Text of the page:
Five years ago, with an epidemic of opioid-involved overdoses escalating, the Centers for Disease Control and Prevention released an evidence-based guideline for doctors aimed to help them treat their patients’ pain while balancing the risks and benefits of prescription opioid medications.
Now, a new study suggests the CDC Guideline for Prescribing Opioids for Chronic Pain may have started to have an effect in the first two years after its launch. The study focuses on opioid prescriptions that were filled by patients who had not used their insurance in the past year to fill any other opioid prescription before and after the 2016 guideline release.
While there was actually a small increase in the percentage of such patients who received opioids, those who did receive opioids had different trends in two ways: the number of days’ supply of opioids in their prescriptions, and the dose.
Specifically, after the guideline’s release, initial opioid prescribing among these “opioid naïve” patients showed decreases in both the average days’ supply, and in the likelihood that their initial prescription would be for doses larger than 50 MME (morphine milligram equivalents), compared with what would be expected from the pre-guideline trends.
The researchers make it clear that they cannot attribute any one change or trend to the CDC’s guideline, say the University of Michigan researchers who led the analysis published in JAMA Network Open. But the CDC opioid prescribing guideline may be a critical part of a broader catalyzation of actions taken by prescribers>, they say.
The new findings add to a body of evidence that can inform efforts to revise evidence-based opioid prescribing guidelines and decrease the chance that they will be misapplied. For instance, the 2016 guideline was not intended to apply to patients with cancer, major surgical pain, and those in hospice or palliative care. Yet prescribing patterns for those populations have been shown in other studies to have changed since the guideline was issued.
“These findings, based on trends before and after the CDC guideline was released, show it may have catalyzed other changes, because it came from a trusted entity,” said Jason Goldstick, Ph.D., lead author of the analysis and a research associate professor at the U-M Medical School who is a member of the U-M Injury Prevention Center. “It’s impossible to isolate the effect of the guideline itself, given all the activity around opioid prescribing, but it’s important to track these trends and use them to inform future efforts to treat pain safely and effectively.”
Goldstick and senior author Amy Bohnert, Ph.D., of the U-M Department of Anesthesiology, worked with CDC experts on the study. They are members of the U-M Injury Prevention Center, which offers additional resources for providers on opioid prescribing and overdose prevention.
More about the findings
The new study used data from 2011 to 2017, from 4.5 million to 5.8 million people a year who had private insurance or a Medicare Advantage plan. None of them had filled an opioid prescription in the previous year. The percentage of these “opioid-naïve” patients filling an opioid prescription dropped from nearly 12% in the first year to just over 9% in the final year—and the decline was already well under way before the guideline came out. The percentage of patients filling opioid prescriptions after the guideline came out was slightly higher than the downward trend from the previous few years would have predicted—enough to be statistically significant.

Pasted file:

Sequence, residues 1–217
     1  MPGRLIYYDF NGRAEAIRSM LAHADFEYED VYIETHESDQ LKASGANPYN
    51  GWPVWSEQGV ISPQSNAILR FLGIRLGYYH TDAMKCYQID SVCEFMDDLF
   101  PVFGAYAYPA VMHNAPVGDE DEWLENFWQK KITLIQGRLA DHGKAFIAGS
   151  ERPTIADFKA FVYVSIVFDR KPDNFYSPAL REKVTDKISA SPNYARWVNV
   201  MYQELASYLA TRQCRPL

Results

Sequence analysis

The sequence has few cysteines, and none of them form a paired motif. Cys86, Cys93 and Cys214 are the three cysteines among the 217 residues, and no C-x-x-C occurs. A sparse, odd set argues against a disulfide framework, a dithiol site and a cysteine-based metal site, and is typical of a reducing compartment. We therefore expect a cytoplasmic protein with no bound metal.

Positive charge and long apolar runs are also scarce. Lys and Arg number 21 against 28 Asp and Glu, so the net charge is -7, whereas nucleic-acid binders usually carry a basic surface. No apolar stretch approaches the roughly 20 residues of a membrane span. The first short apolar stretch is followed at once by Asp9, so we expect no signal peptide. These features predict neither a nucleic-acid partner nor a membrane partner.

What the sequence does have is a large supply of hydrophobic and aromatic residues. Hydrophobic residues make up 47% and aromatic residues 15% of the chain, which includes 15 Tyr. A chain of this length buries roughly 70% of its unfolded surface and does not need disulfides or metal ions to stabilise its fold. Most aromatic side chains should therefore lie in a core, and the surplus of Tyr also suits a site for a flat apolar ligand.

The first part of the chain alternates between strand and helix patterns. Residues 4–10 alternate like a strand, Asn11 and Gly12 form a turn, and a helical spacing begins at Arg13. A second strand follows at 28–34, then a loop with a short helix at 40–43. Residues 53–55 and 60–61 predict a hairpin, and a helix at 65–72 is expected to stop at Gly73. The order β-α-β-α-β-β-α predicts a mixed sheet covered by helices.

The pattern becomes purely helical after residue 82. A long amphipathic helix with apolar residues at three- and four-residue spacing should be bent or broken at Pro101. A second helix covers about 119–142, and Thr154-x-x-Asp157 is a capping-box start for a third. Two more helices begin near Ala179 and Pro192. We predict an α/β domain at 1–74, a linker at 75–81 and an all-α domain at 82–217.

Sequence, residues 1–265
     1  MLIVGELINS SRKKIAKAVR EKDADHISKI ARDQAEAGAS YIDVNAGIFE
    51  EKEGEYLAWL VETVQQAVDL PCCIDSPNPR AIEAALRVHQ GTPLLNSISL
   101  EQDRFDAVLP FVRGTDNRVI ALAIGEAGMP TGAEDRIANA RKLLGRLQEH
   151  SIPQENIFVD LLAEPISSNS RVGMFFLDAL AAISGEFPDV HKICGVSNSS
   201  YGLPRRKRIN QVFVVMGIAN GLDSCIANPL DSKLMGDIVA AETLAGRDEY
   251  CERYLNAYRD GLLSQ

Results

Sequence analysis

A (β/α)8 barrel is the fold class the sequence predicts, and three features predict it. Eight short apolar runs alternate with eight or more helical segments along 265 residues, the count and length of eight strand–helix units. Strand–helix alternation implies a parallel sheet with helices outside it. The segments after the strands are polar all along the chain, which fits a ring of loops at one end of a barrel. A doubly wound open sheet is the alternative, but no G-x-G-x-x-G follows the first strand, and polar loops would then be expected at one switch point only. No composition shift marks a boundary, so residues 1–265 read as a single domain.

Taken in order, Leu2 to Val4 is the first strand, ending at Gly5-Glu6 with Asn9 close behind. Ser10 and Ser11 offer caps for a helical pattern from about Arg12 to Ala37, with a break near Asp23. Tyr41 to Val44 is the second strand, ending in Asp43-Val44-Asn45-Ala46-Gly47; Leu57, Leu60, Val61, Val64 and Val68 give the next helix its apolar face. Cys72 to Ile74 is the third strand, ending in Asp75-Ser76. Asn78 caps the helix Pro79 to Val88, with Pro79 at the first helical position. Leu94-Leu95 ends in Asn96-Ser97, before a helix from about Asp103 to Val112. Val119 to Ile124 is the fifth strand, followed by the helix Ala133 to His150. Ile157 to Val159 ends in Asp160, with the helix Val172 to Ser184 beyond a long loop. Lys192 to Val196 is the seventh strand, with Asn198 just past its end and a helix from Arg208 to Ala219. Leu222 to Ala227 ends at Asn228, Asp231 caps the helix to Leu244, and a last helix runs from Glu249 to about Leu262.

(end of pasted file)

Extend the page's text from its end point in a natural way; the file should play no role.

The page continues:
Initial opioid prescription duration
The number of days’ supply contained in the initial prescriptions filled by the patients was increasing before the CDC guideline came out—even as the percentage of patients filling at least one prescription dropped. But the duration of prescriptions dropped by 5% in the first year and 10% in the second year after the CDC guideline was published.
While the CDC guideline focused on chronic pain, it also noted that clinicians treating acute pain should prescribe opioids at the lowest effective dose and for no longer than the expected duration of pain. A three-day supply is often sufficient for many patients, and a seven-day supply will rarely be needed. U-M experts have since developed and tested prescribing guidelines for post-surgery and dental procedure pain that emphasize even smaller prescriptions.
Though the data used for the new study do not include information about whether the patients had chronic or acute pain, the findings are broadly consistent with the guideline’s recommended prescribing practices. However, there were differences in prescription duration between groups of patients, with women, non-white, and older patients, and those with Medicare Advantage insurance coverage, getting more days’ in general.
Initial opioid prescription dosage
The study also looks at the daily dose that patients would receive if they took their prescription as written, equalizing different forms of pain medication by using a measure known as morphine milligram equivalents or MME.
There was already a trend toward smaller doses before the guideline came out, and a trend away from doses above 50 MME the year before the guideline was issued.
Goldstick and his colleagues’ analysis adjusted for patient demographics and time-invariant state-level differences, and showed that the odds of patients getting a first-time dose over 50 MMEs dropped after the guideline was issued, more than would have been expected based on the pre-guideline trend.
“Any progress toward safer prescribing is good,” said Goldstick. “There’s still progress to be made, and it could have a downstream effect on opioid use disorder, and overdose rates.”